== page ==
The Supreme Court has published its decision in the case brought by the Unison Trade Union in relation to the legality of the current Employment Tribunal fees.
The Court has held that the current fees are unlawful as they restrict access to justice and also to enforce rights granted by EU law. It was also commented that the fact that the fees for discrimination claims are higher than some other claims (e.g. in respect of wages or holiday pay) was indirectly discriminatory.
As of this moment the fees are unlawful and therefore should not be charged at the current level going forward – it remains to be seen how quickly the Employment Tribunal can update its claim process and rules – but an increase in the number of claims can be expected.
It also remains to be seen if the Employment Tribunal will allow a claim to be submitted out of time (i.e. after the deadline to bring a claim passed) on the basis that it was not financially practicable for the employee to issue a claim due to the level of the fees. If so then it is possible that there could be a considerable number of retroactive claims submitted.
Finally, the Government have agreed to refund all fees paid. These will normally be paid to the employee but where the employee won their case then it will often be the case that the Employer reimbursed the Employee for the cost of the fees through the compensation award and therefore in theory should receive the refund itself.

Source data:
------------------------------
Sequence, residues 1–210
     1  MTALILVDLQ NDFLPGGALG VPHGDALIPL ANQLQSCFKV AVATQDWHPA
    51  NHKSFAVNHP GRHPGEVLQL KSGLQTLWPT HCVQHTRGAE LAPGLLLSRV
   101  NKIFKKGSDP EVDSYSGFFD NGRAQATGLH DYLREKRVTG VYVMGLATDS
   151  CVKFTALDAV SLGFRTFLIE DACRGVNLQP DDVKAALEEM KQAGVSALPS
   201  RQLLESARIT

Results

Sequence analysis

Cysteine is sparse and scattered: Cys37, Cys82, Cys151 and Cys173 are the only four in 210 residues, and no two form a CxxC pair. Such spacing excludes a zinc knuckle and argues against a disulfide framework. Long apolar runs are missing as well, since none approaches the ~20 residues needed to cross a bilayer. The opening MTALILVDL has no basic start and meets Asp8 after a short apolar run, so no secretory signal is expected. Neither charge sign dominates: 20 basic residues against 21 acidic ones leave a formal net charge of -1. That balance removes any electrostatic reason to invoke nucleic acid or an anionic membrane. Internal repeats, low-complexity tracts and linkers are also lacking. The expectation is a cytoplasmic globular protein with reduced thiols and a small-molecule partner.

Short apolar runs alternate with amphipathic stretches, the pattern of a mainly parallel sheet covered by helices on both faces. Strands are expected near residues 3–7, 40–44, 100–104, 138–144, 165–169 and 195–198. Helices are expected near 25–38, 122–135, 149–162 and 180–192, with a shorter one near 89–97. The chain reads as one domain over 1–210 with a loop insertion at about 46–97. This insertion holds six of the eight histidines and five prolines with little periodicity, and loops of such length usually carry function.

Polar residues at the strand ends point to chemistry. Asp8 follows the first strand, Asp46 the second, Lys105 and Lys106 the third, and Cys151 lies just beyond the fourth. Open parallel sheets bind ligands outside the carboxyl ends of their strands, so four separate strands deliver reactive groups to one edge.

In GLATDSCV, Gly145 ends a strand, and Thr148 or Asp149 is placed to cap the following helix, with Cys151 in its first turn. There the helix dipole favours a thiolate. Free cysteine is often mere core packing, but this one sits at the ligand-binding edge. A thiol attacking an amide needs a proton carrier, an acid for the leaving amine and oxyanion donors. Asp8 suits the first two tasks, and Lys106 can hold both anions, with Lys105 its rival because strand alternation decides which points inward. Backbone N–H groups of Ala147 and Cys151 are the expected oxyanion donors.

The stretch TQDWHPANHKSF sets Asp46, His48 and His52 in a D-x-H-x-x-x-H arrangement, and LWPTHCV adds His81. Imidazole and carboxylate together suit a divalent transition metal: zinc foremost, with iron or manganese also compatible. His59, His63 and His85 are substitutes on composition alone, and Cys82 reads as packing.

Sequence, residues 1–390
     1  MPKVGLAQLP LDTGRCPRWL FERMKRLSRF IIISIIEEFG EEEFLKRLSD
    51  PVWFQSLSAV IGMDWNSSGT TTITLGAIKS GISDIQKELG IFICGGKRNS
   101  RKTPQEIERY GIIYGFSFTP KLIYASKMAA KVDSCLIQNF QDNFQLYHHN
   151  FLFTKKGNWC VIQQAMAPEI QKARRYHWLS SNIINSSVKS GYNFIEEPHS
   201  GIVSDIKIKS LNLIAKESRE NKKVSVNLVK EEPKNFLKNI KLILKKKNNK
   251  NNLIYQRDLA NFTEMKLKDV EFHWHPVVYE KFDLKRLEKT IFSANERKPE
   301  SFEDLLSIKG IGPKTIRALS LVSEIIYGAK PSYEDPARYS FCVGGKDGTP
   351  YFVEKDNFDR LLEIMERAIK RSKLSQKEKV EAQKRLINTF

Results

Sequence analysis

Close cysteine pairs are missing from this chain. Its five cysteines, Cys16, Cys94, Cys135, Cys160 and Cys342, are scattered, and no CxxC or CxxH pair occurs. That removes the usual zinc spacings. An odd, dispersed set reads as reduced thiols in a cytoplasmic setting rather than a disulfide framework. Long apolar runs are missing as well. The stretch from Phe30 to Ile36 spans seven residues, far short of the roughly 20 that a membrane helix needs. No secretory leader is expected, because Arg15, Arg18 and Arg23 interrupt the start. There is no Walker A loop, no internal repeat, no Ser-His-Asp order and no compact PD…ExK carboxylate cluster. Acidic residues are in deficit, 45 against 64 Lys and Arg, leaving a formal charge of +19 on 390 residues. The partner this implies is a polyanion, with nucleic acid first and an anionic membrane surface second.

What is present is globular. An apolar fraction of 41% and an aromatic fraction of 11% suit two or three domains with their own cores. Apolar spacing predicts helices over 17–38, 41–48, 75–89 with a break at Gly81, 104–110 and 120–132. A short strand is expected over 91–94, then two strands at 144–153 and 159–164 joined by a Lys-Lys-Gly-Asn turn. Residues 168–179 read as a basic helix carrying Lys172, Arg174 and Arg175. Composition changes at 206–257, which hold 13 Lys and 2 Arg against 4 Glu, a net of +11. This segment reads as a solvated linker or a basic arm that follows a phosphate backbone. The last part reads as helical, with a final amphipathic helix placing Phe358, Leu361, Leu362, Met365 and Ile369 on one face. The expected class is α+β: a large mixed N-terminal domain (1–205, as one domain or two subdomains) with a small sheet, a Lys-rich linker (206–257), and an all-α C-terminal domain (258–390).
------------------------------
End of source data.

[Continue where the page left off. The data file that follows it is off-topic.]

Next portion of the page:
We expect the Government to launch a new consultation on the level of fees and in the interim for fees to be suspended and refunds to take place.
Employers do not need to do anything at this stage but should be mindful of the fact that there could be a large increase in the number of fees issued (there was an 80% reduction in claims made after fees were introduced); therefore it is especially prudent to ensure that your management of employee relations and employment rights is in line with current regulations and best practice.
By James Murphy
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